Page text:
BBC Click: How banking Trojans go undetected and steal your money

How did we measure?
2,465,497 users scanned their computer with HitmanPro between October 2011 and October 2012 (1 year). The above mentioned statistics are not based on a laboratory research but are derived from real-world computers. The HitmanPro agent reported back the date the banking Trojan was installed on the computer, including which antivirus program the user was using (including its status) before HitmanPro removed the banking Trojan. The specific banking Trojans we counted for this statistic were Zeus, Citadel, SpyEye and Tinba.

Last August, our HitmanPro agent discovered Citadel Trojans within the Dutch government during the Dorifel outbreak. We also discovered that these Trojans were active on fully protected computers for roughly three to four weeks, without being detected. This period – shocking for most people – was clearly not an incident but is in line with our research results.

New TDL4 strain very successful in hiding from AV

October 7, 2012

Last month Damballa stirred up the security community with the discovery of a new iteration of the notorious TDL4 rootkit. This rootkit is known for infecting the Master Boot Record (MBR) to gain control over everything that runs on the computer, making itself invisible for antivirus products and pretty hard to remove. The malware is also known as the ‘indestructible’ botnet and Damballa reported that this new variant already infected 46 of the Fortune 500 companies as well as government agencies and ISP networks.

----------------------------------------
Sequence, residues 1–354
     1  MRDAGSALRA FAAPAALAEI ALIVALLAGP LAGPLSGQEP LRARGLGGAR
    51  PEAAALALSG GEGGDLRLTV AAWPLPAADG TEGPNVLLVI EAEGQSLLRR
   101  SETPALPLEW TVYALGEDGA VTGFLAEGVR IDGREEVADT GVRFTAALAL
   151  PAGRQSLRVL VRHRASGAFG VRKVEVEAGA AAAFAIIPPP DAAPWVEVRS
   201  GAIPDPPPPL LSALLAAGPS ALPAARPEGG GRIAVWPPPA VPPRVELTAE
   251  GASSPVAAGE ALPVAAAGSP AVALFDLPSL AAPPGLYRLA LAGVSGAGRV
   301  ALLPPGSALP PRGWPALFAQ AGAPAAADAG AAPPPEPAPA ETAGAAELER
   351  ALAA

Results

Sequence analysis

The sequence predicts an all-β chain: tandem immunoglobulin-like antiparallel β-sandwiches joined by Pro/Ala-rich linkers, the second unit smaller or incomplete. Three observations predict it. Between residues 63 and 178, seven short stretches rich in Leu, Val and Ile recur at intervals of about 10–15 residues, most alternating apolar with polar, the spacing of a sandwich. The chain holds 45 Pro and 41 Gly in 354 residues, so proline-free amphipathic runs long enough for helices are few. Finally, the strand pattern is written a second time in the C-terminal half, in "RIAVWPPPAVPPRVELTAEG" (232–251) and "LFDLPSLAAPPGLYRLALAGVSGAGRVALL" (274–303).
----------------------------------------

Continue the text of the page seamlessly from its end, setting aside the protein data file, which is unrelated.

Damballa stumbled upon it thanks to their network behavioral analysis software, which detected the generated domain names that this new TDL4 variant apparently uses for command-and-control communication. Since Damballa could only determine the existence of the new malware by looking for domain fluxing, they concluded that no binary samples of the new malware have been identified and categorized by commercial antivirus products operating at the host or network levels. But HitmanPro is not your average antivirus.

With all the new stuff we are working on in our office we haven’t really got around to generate our monthly Malware Prevalence Top 25, a list of malware families that HitmanPro encounters on computers protected by up-to-date commercial antivirus products.

As you can see from the August and September lists we posted a few hours ago, Sst – also known as Maxss, a modification of the TDL4 strain – is indeed on the rise, big time.

In just 2 months it reached #2 position! This means that commercial antivirus products are unable to detect, let alone, remove this malware.

Volume Boot Record (VBR)
This new variant is known as Sst.c. It is capable of infecting the Volume Boot Record (VBR) – which is even more challenging for commercial antivirus programs.

So we can confirm that Sst.c is most prevalent and gained a new trick: it infects the Volume Boot Record.

We will post more information on Sst.c when it becomes available.

Banking Trojan keeps hitting the Dutch hard

September 8, 2012

Two days ago, Thursday September 6th, the website of the popular Dutch newspaper was treating its visitors on zero-day malware. is ranked #10 on the list of most popular websites in The Netherlands. Even though the media kept using as the origin of the attack, technically it was caused by a compromised website of a Dutch online marketing company that handles newsletters and email marketing activities for This online marketing company handles online activities for other well-known Dutch companies too, including some non-profit organizations.

More Dutch websites compromised